You choose the best advisers you can find at the time, but that doesn’t mean that you have to stick with the same ones for life. Don’t be afraid to make a change if you outgrow one of your advisers such that someone you are currently using isn’t the best fit for your current situation anymore.

I know there is a loyalty factor, but is that really serving you? Is sticking with someone you have outgrown serving either of you well?

If you feel you have outgrown a particular adviser, you will no longer be happy with them and their services and thus you won't be referring them, and if it has gotten way past time to replace them, you might actually be bad mouthing them, so they are losing out as well.

If you have grown beyond you current adviser, then it is time to find a replacement. Even worse if that adviser is holding you back from your potential and where you want to go, then you must make a change.

I know I stayed with a CPA that wasn’t the best fit for me for several years beyond what my gut told me, because I felt like I couldn’t make a change. Changing to a new adviser is always hard, there is time to do research to find them and/or ask for referrals from colleagues and then interview several to see if they will be a better fit than the current one.

Yuck! That isn't how I want to be spending my time, and I'm sure you feel the same, but if you are thinking about it, then it is likely time to make a change and the longer you procrastinate, the worse things will get.

For years I was of the mindset that financial statements were only for the big guys, and that though was reinforced by that same CPA I was using at the time who refused to create them for me.

I had asked him to create those financial statements in support of a proposal that I was submitting for a bid on a government contract and one of the requirements for that proposal was to include 2 years worth of financial statements.

When my CPA wouldn’t create them for me for that bid on the government contract, I educated myself and then through something together so I could include that in my bid, but it gave me serious doubts if that CPA was really the advisor that I needed for my business.

If you read my recent article Isn't My Business Too Small To Worry About Financial Statements?, you know that I think I have totally shifted my view and now think that financial statements are critical to the ongoing success of your Independent Contracting business. The fact that my old CPA wouldn’t create them for me should have been a red flag, but change is sometimes hard, and for whatever reasons I justified in my head, and I was unable to make the decision to make the change at the time.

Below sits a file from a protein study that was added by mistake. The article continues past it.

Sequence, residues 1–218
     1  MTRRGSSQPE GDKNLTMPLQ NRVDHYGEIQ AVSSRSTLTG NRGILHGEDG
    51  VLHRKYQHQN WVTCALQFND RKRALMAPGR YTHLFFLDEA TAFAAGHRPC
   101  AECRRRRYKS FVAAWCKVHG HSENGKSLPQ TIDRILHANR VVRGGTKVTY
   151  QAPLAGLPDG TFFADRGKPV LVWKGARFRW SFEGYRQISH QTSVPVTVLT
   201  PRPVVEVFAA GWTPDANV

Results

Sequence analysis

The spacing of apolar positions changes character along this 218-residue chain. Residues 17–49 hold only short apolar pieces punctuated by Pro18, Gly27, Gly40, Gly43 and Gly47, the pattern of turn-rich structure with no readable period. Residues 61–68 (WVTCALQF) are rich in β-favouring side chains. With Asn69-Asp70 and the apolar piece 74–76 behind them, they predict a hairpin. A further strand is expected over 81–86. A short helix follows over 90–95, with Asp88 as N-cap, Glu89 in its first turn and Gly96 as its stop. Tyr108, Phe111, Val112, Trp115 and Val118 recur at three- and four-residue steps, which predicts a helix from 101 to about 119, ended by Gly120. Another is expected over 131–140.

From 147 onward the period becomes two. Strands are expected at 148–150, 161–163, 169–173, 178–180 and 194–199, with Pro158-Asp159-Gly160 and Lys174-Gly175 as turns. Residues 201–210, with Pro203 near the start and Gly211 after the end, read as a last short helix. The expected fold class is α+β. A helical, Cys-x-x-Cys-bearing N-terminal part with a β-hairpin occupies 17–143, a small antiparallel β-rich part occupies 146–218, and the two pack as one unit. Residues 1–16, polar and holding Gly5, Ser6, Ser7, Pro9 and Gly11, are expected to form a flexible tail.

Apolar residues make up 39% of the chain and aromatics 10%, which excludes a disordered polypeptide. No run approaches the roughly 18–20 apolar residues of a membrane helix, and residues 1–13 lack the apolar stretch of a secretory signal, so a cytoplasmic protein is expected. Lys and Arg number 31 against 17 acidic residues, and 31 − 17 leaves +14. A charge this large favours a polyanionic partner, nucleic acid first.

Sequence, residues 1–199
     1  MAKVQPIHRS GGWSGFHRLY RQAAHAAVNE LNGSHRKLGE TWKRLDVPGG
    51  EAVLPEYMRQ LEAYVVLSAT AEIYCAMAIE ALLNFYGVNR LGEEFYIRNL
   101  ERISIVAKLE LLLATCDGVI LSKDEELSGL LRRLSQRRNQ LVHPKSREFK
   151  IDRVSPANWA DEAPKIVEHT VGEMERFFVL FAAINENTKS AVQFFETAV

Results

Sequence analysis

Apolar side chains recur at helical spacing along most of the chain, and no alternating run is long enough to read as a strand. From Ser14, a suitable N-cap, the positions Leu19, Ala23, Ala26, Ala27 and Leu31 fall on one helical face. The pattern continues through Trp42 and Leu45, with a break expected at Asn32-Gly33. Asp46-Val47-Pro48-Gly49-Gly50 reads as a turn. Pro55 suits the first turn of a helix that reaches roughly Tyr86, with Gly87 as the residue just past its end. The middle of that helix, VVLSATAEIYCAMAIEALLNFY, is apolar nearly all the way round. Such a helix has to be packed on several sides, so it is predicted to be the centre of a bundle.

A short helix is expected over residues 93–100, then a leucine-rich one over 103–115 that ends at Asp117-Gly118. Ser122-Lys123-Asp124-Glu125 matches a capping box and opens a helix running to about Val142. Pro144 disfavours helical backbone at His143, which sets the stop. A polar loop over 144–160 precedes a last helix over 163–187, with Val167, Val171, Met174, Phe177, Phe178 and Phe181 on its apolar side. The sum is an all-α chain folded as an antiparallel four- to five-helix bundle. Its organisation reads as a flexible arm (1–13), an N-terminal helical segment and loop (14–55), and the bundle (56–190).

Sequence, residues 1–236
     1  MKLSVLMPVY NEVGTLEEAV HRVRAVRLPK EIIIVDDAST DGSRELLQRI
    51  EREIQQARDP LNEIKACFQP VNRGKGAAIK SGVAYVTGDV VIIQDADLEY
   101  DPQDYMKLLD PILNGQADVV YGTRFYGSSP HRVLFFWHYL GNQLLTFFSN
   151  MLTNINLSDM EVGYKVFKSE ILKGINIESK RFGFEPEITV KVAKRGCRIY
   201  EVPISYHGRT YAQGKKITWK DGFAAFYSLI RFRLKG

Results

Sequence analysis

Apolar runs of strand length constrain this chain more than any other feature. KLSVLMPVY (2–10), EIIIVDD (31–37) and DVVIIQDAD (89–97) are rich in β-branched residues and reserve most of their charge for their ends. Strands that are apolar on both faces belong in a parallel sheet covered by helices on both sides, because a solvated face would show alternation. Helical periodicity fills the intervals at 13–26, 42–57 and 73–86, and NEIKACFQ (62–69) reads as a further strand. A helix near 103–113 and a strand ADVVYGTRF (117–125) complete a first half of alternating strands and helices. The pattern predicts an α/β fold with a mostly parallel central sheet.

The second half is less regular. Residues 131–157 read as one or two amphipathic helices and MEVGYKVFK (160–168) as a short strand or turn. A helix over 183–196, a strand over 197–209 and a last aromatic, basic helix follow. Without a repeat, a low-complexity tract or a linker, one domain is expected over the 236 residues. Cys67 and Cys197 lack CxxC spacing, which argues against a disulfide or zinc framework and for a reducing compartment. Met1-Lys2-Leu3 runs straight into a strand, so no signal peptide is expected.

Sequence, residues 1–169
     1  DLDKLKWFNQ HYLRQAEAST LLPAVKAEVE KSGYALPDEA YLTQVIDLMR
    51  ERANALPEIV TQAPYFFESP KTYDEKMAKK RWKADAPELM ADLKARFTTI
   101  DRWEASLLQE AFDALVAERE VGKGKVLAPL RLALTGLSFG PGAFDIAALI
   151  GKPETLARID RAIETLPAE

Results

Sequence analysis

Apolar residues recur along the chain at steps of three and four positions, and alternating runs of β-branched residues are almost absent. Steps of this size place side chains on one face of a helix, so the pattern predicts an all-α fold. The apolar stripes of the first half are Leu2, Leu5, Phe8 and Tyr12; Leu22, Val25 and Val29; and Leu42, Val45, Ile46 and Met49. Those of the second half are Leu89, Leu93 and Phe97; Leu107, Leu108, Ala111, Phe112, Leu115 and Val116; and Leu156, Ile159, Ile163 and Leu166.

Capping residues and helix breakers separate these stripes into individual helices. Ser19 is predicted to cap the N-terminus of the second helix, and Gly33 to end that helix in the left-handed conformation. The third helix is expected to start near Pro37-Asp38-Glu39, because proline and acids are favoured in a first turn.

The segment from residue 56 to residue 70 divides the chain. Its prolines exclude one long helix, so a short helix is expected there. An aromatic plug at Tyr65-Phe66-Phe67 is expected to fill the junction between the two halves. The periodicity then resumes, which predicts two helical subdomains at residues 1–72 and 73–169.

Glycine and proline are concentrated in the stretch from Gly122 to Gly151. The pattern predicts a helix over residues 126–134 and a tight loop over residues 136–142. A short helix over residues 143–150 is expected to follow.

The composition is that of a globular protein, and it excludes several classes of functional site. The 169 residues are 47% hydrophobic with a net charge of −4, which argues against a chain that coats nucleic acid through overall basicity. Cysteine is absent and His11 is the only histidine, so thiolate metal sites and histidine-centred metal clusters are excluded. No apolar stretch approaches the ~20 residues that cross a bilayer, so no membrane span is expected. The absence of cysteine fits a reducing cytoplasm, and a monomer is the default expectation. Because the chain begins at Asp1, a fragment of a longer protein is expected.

It took me a couple more years of them providing the basics, but nothing more, plus some internal changes at the CPA firm itself before I followed my gut and made the change and moved my business to a new firm.

The change in CPA was something that I had obviously been considering for a while, but the final straw had been when I found a mentor that explained financial statements in terms I understood, and demonstrated to me their importance even to a small business like mine.

That convinced me that if my CPA wouldn’t provide that basic service, then I had definitely outgrown their services altogether and needed to make the change.

Have you had a similar experience where it was time to change advisers, but you didn’t do it in a timely manner? I’d love to hear your experiences below.

Author's Bio: 

Paul Monax
Independent Contracting Resources

I am a Mentor for Independent Contractors to help them with the Business Side of their Business.
I have been a small business owner of a number of businesses over the past 11 years.
For the past 6+ years have been as the owner of a small Independent Contracting business specializing in custom software development for large enterprise systems.

Because Being Independent Doesn't Mean You Have To Do It All Alone!